Sustainability at Leeds Arts University: The Circular Wardrobe Challenge

19 July 2022

Ana Perez, Senior Lecturer BA (Hons) Fashion Branding with Communication, works with undergraduate students to unpick fashion sustainability issues and their effect on consumer behaviour.

The deterioration of the environment has been linked to the drastic impacts caused by the fashion industry. Fashion companies and manufacturers are currently being made to conform to more sustainable practices such as the use of sustainable materials, less packaging processes and being held more accountable for social impacts. Despite this, clothing production and fashion waste have been increasing year on year.

As consumers are being lured through sales tactics on various social media platforms to purchase more fast fashion; resale, second-hand shopping and messages on how to be more sustainable are also becoming more mainstream.

In the quest to unpick some of the fashion sustainability issues and the effect on consumer behaviour today, undergraduate students on the Fashion Branding with Communication course at Leeds Arts University embarked on a collaborative circular wardrobe challenge. 95 students in total participated in the collaboration in where positive and motivational drivers such as creativity and finding new purposes to already existing items were recognized as a benefit to reducing fashion consumption.

Image: Work by Alisha Beaumont, first year Fashion Branding with Communication.

The fashion industry is one of the largest economies in the world contributing to approximately 500,000 jobs to the UK economy alone, however it is also one of the most polluting ones (UKFT, 2022). In the last decade alone garment production and our need for purchasing new fashion items has more than doubled, creating enormous damage to the environment. Our constant need for newness satisfied through the purchase of fast fashion also means that we are keeping, repairing and utilising clothes less than ever before. Research is showing that consumers are also utilising garments for shorter periods of time and some findings have shown that people only wear 50% of the garments purchased and in addition to this 73% of clothes in peoples’ wardrobes are never worn (Bardey et al, 2021).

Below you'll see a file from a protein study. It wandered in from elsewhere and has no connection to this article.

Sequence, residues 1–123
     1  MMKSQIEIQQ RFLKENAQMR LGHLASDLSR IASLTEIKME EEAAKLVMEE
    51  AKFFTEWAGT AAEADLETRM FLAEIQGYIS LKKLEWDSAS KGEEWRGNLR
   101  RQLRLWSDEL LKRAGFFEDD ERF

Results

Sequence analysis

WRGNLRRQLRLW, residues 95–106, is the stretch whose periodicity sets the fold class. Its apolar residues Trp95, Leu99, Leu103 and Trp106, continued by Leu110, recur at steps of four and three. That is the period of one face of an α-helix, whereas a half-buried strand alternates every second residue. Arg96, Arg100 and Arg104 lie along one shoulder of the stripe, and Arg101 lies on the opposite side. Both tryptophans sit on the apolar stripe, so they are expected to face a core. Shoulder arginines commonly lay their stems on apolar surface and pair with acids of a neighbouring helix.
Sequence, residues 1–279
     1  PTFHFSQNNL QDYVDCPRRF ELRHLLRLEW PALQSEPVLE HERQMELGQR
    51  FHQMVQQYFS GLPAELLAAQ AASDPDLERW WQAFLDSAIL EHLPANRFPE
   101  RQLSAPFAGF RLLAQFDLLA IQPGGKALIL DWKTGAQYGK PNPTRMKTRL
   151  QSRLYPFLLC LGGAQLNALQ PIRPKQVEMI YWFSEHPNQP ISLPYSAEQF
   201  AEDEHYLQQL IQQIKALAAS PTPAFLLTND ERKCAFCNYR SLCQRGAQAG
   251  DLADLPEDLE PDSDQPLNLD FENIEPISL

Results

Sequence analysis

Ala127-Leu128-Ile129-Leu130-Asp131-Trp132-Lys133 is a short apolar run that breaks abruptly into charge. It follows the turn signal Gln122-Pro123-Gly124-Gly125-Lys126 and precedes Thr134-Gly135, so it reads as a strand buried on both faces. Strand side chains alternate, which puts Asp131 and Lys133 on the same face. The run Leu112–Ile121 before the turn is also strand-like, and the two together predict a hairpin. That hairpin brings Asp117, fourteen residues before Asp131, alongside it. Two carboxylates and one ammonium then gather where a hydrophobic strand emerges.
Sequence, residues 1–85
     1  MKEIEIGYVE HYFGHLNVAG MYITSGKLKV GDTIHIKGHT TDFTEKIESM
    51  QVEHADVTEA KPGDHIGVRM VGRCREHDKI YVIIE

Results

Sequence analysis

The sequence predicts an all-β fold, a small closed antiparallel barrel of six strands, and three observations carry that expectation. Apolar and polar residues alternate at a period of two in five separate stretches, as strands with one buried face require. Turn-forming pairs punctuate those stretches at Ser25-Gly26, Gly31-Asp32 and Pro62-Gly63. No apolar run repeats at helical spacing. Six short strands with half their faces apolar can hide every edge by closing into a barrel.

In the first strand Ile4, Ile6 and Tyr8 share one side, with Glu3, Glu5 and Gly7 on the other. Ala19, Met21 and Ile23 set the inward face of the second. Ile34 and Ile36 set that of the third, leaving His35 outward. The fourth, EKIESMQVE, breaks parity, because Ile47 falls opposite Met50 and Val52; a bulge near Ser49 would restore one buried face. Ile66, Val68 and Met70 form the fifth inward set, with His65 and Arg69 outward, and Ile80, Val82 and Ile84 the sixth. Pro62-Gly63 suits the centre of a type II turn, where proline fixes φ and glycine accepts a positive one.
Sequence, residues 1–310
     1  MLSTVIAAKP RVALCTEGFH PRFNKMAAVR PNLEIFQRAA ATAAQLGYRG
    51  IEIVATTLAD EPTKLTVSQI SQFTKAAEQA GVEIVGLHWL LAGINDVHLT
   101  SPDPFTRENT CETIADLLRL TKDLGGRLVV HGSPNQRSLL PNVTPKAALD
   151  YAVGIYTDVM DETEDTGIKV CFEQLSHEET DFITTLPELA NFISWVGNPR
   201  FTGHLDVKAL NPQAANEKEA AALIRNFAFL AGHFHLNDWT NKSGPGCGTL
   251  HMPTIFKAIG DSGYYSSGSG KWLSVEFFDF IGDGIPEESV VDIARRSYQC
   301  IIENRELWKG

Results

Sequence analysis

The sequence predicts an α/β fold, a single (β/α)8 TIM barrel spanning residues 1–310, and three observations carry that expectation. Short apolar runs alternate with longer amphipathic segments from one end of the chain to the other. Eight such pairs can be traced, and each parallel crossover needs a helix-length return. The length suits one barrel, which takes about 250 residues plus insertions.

In a quest to reduce the wastage problems caused by the fashion industry and the constant appetite to renew our wardrobes and create variety, new concepts mainly implemented by fashion brands on what to purchase and how to dispose of fashion items have started to emerge. New more eco-friendly and sustainable materials are being produced and consumers are encouraged to recycle, up-cycle and select more sustainable products (Gupta and Gentry in Becker-Leifhold and Heuer, 2018).  

Image: Work by Kiera Jenkins, first year Fashion Branding with Communication. 

There’s a clear trend emerging in purchasing sustainable fashion products and the changes in legislation have also accelerated the process for fashion brands to adapt to circularity. Innovative sustainable materials are being used more often in the creation of new garments and some fashion brands have adopted recycling schemes to encourage consumers to return their no more wanted garments. As these more environmental and transformative circular fashion business models are becoming the norm and demand for more sustainable fashion grows (Wang and Zhang, 2020), how can consumers fulfil a more circular way of using fashion?

One notable trend in recent years has been the promotion of living with less by reducing the items we own and buying better quality items, expanding the longevity of these which in the long run is better for the planet (Brass, 2016). Research suggests that owning and living with less items enhances positive ways of living (de Wagenaar, Galama and Sijtsema, 2022) and multiple house decluttering and makeover TV shows in the UK such as Hoarder SOS on Channel 4, Sort Your Life Out on BBC One and Tidying Up with Marie Kondo and Get Organized have made this a popular format that has been re-worked over the years embracing a new culture of owning and living only with what brings ‘joy’ promising inner peace and contentment.


Image: Work by Sophie Naylor, Val Kuzima, Kim Morlery and Jodie Lynch, first year Fashion Branding with Communication.